Plunge Router vs Conventional Router

Is there any reason Plunge Routers aren’t recommended for the Maslow?
Is anyone using a Plunge Router for their Maslow?
I was surprised too see that conventional routers are recommended for the Maslow as many of the height adjustment / router body clamping mechanisms aren’t designed for repetitive rigid movement.

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This has been discussed pretty thouroughly in the forum. A natural question with a pretty clear answer.

because very few plunge routers have a depth adjustement that can be motorized
to adjust the router height. They usually have a depth stop that limits how deep
the router can go, but the router is free to move between there and max height
(and spring loaded to move away from the workpiece)

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but there are some finished z achses that would be the job easy china z-achse

a big plus for cnc routers is the low price 500W 80 $
and that they are much quieter.
ou just realiced what you ment im talking about a professional cnc spindel

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the 2.5HP routers are ~1400W, significantly more powerful (which may or may not
matter, but don’t think that they are equivalent)


The 500W spindle you linked to is 220V only, difficult (but not impossible) for those of us in the states. They work well for smaller hobby CNC machines like the Shapoko and X Carve. Reportedly lots quieter than a full size router. I wonder how well they’d cut with 1/8" bits?

I have a similar sized, although different design, Paul Jones spindle on my Zenbot mini, which would comfortably cut at higher speeds than we’ve been using with the Maslow. It was only 6 x 8 inches, not 4 x 8 feet. The base hardware was belt driven, and for grins I was cutting styrofoam at (an indicated) 600 ipm without any problems. For plywood (from my style tests) I used 20-25 ipm, 0.125" DOC, with 1/8" endmills. In those days I was a lot less aware of how speed and acceleration interacted, but the 3 belt driven axis were darned quick. I was controlled by LinuxCNC, the computer and controller board alone cost more than a Maslow.

I did lithophanes with 0.042 and 0.033 inch ball nose end mills (60ipm, 0.03DOC roughing, 100 ipm finishing per my notebook), which were pretty easy to break. 1/16 through 1/8 for cutting plywood.

It dropped the bit when the power was turned off so it had a block of foam to stick underneath the spindle to avoid breaking the bit when powering it down. Not a suitable design for a Maslow, the sled would have fallen to the floor every time it was turned off

it would be interesting to see how that 500W desktop router spindle performs on a maslow.

And how it compares to a 500Watt bosch makita dewalt metabo hitachi If any exist in the 500W power range, I’m sure there are, but the mainline models seem to be in the 1000W range.

Maybe we could do a ranting topic on the various available models to give future users an idea what features are ideal, and what are less deal for Maslow. Though, the wiki already explains a lot.

I think it could be good to have a discussion on ‘every’ router out there just to gain more insight in the challenges they present us to get them up and running on a Maslow.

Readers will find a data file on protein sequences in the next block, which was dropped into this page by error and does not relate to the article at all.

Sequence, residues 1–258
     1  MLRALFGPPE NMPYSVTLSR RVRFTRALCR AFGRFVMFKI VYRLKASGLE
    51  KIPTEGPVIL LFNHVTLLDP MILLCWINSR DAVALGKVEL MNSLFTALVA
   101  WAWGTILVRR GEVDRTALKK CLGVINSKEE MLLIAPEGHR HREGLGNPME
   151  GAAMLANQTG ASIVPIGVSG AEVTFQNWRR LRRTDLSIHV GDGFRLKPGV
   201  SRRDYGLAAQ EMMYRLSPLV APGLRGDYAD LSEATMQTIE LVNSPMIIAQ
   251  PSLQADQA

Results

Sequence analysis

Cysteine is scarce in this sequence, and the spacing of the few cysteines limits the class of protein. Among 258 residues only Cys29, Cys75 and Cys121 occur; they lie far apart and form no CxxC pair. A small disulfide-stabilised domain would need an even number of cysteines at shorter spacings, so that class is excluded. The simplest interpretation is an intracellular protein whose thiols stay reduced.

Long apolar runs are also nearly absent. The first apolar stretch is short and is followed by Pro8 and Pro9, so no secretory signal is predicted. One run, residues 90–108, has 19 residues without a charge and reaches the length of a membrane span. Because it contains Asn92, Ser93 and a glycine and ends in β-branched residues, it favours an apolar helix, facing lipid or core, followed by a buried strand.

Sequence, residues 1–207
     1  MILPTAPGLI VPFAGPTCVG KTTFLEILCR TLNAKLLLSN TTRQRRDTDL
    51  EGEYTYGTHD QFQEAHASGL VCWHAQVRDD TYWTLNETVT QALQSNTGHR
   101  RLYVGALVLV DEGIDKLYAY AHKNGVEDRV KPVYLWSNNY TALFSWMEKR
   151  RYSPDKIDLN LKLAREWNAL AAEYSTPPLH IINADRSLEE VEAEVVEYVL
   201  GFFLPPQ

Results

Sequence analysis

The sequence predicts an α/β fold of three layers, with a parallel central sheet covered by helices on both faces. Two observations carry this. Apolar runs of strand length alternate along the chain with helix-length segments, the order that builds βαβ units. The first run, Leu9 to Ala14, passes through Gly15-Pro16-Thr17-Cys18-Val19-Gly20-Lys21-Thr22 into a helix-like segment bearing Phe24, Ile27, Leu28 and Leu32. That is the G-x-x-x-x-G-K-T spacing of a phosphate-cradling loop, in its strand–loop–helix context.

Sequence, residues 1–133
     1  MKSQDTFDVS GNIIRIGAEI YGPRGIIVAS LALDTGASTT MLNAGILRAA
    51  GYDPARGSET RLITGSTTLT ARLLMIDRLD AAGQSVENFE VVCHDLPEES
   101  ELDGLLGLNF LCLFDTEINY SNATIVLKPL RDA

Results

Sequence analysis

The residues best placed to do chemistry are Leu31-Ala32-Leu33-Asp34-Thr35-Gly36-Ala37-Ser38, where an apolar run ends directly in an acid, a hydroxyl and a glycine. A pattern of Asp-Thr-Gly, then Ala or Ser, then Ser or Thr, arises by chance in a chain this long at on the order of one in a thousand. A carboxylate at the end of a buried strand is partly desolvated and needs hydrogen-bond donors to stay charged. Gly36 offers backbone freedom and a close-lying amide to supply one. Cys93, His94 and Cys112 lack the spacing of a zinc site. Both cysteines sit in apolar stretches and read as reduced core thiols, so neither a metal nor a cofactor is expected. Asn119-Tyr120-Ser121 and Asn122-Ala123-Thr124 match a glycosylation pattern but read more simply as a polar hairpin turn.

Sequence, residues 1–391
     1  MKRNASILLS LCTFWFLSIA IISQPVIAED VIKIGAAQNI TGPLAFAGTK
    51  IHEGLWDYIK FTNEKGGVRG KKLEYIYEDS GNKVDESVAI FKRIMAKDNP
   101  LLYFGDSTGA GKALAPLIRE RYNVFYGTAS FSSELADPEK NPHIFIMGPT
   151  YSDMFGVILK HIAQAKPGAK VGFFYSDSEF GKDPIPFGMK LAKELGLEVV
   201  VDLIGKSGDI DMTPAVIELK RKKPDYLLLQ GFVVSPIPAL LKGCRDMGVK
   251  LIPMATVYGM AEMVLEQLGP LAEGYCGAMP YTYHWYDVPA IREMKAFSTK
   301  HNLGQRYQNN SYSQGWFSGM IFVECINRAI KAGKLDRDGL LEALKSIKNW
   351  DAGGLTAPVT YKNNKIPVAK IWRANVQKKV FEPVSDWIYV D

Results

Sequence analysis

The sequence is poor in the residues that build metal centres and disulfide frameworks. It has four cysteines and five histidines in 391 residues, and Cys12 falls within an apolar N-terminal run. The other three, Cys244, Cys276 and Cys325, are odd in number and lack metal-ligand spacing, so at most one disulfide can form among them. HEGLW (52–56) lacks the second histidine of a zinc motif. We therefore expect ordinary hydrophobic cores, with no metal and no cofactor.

Also to find potentioal alternatives to the somewhat expensive AEG and RIGID models
I would like to find a more compact spindle, and from that point of view the 500W $80 china spindle seems very interesting,

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Total Noob here, awaiting the arrival of my Maslow and trying to find a budget router to start out with. I have the Ryobi RE1200 within reach, but apparently, it’s a plunge router. However after reading through this thread, I found another thread elsewhere where someone who needed more control over the height adjustment, was able to disable the spring mechanism in the Ryobi RE1200. Does anyone think this can work? Also any other objections to using the Ryobi RE1200 with Maslow? Thanks.

the key is having a router that you can control the height of by rotating
something, if you can make that work, you can use the router :slight_smile:

now, there are features that make it easier or harder to use a particular
router, ideally you want a threaded rod that you can attach a motor to in a way
that the motor doesn’t have to move up and down as the adjustments are being

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From what I understand, that thing that you need to rotate to control the height, is linked to a spring mechanism that seems to counteract the control you are trying to gain, I thought the link in my previous post might offer an idea for disabling this spring mechanism, to give you better control. Then again, I might be talking utter rubbish. I found an instructable that also addresses hacking a plunge router to gain better control over height adjustment. I’m hoping this proves somewhat applicable when I finally get my hands on the kit.

There are many Router mods scattered all over the web.

Woodworker use all kinds of routers for DIY router tables. This basically all evolves around the same principles and issues… I have spotted LOTS of mods but i can’t really tell if they are any good for Maslow use, as i don’t have a Maslow yet.

Maybe we could make a thread and collect all the options out there? Just to have a little repository of ‘idea’s that could work somehow’ And do a few brainbattles from there. :smiley:

Sure that would help, especially for those like me who’re not able to shell out on a Ridgid immediately but would like to start right away with something.